Next, I played out the fight with the animal. I distinctly told them that while the turtle did not have a goal of killing the mice, it is a foe of such danger that injury and death could be the result of severe failure. The turtle’s goal was, “I will hold off these mice and protect my nesting location from their intrusion,” as the mice set a goal, “We will safely bypass the turtle to snuff out the baker’s oven and get free alive.” The turle began with dispo 12 and the patrol mates with dispo 11. The fight resulted in turtle 8 and mice 0. They did receive a compromise, but not much. Of the three mice, one was badly injured, all three were tired, and the patrol leader was angry that this plan had gone so poorly. They asked for a compromise in which they learned a valuable secret about the turtle.

I gave them their conditions and told them that the tenderpaw of their group had taken full notice of the nest and eggs–he knew that the turtle was defending a nest. I also gave them the knowledge that the bakery oven would burn out in due time, but they had not been close enough to douse the fire.

After the setback, the supplies were coming in from the patrol guard and townies helping. The patrol leader had no interest in making another face to face attempt at the turtle. Miss Flower became smitten with the injured mouse and invited the patrol to her home for food and rest. But, the patrol didn’t feel they had finished things right. The patrol guard wanted to make a new speech to encourage them to evacuate from the town until the turtle left.

In this I did bring a merchant to argue against them and formed an arguement conflict which the town could listen in on. Although the merchant didn’t really have great skills for it, he won over the patrol and discouraged residents from leaving. The patrol guard was angry; he was also tired from gathering all the supplies.

The supply pile was left in the town center and the brewery and bakery were left to their fate. The patrol went with Miss Flower for food and rest, feeling defeated, insulted, and disgraced.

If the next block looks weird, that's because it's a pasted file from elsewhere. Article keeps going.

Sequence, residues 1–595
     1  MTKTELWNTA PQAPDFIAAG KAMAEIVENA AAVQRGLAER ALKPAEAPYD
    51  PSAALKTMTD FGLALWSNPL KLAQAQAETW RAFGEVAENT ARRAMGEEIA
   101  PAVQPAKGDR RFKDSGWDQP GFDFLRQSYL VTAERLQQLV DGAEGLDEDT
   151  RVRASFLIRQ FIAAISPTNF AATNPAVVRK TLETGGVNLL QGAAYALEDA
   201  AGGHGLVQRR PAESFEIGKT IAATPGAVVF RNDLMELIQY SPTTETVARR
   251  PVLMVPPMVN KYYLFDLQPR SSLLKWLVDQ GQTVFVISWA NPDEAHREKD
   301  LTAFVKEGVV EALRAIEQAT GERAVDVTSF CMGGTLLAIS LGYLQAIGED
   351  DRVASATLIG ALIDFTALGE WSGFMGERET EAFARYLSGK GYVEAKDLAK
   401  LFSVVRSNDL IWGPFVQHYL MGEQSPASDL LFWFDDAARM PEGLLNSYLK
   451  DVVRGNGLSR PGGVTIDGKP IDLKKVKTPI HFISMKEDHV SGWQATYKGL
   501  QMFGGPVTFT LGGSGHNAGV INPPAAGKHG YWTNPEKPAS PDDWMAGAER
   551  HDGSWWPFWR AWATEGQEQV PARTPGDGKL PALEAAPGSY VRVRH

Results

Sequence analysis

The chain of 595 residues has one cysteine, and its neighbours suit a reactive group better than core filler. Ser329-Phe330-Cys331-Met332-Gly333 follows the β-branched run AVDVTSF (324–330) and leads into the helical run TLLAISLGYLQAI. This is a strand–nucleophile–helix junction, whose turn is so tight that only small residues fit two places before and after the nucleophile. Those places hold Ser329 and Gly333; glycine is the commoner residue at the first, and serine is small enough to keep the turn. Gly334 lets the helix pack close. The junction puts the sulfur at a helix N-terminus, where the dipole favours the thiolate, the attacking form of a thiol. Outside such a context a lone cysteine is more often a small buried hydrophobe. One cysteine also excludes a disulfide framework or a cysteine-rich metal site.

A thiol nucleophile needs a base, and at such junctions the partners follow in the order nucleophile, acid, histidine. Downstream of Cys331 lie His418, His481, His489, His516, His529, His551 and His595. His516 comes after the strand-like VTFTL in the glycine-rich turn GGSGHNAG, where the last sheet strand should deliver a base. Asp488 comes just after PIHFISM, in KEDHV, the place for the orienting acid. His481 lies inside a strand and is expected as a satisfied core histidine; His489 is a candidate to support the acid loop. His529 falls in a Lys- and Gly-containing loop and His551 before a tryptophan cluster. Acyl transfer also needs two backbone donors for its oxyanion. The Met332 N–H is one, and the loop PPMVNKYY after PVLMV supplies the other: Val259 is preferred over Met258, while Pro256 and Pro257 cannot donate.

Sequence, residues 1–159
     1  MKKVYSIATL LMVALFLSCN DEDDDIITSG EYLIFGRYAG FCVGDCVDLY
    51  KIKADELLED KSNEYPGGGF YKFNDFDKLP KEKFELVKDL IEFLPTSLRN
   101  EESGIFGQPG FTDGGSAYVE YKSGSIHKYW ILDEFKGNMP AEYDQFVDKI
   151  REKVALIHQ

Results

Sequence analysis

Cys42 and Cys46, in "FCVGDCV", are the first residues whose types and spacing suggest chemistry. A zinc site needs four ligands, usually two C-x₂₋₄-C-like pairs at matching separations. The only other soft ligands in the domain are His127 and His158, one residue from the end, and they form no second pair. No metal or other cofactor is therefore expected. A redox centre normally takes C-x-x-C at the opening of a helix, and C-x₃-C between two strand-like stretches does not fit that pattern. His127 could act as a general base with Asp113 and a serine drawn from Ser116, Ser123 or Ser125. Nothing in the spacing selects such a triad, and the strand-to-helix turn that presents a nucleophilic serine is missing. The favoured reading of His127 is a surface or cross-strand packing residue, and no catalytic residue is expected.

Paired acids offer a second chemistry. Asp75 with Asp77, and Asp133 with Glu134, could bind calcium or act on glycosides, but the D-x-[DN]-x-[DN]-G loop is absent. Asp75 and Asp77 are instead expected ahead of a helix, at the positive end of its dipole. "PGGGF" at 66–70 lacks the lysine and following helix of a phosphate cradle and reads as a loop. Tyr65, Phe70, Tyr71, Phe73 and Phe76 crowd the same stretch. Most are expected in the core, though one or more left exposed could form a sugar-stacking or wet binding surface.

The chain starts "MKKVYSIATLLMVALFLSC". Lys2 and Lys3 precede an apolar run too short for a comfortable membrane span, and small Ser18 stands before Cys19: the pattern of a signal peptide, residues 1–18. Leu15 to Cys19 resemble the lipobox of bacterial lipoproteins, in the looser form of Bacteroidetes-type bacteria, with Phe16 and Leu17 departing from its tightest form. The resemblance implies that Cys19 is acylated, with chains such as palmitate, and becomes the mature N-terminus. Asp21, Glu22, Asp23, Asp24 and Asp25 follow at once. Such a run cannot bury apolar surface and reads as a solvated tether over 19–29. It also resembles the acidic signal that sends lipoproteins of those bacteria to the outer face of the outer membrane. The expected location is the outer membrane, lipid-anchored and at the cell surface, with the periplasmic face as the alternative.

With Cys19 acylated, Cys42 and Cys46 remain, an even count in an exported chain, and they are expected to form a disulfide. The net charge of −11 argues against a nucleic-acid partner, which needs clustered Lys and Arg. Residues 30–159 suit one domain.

Miss Flower got the injured mouse interested in marriage and really set it in with a persuader 3 vs will 2. It came to 3 successes against snake eyes; everyone had a great laugh.

Then I turned it over to the player’s turn. Only the patrol leader and patrol guard had gained checks. The patrol guard attempted to recover from anger, but failed (tired being covered by Miss Flower providing a place to rest). He then took aside the injured mouse and tried to talk him out of getting tied down while he was still so young in the guard. He pulled a persuader 4 vs will 2 and strongly won over the mouse. No one went on to speak with Miss Flower about it, so I used her in a future complication. In fact, the mouse and Miss Flower are set to marry during the first thaw of spring; her father and she came to Lockhaven during the winter. The two mice spent time getting to know each other better and he reversed again in the decision to marry her. Gwendolyn even encouraged him to marry and start a family while young.

Others tried to recover. The patrol leader had checks and decided he would try to brew a concoction on his own using his checks, but didn’t have a check left over to initiate a conflict that might result in using the concoction against the turtle.

and that’s everything from that session.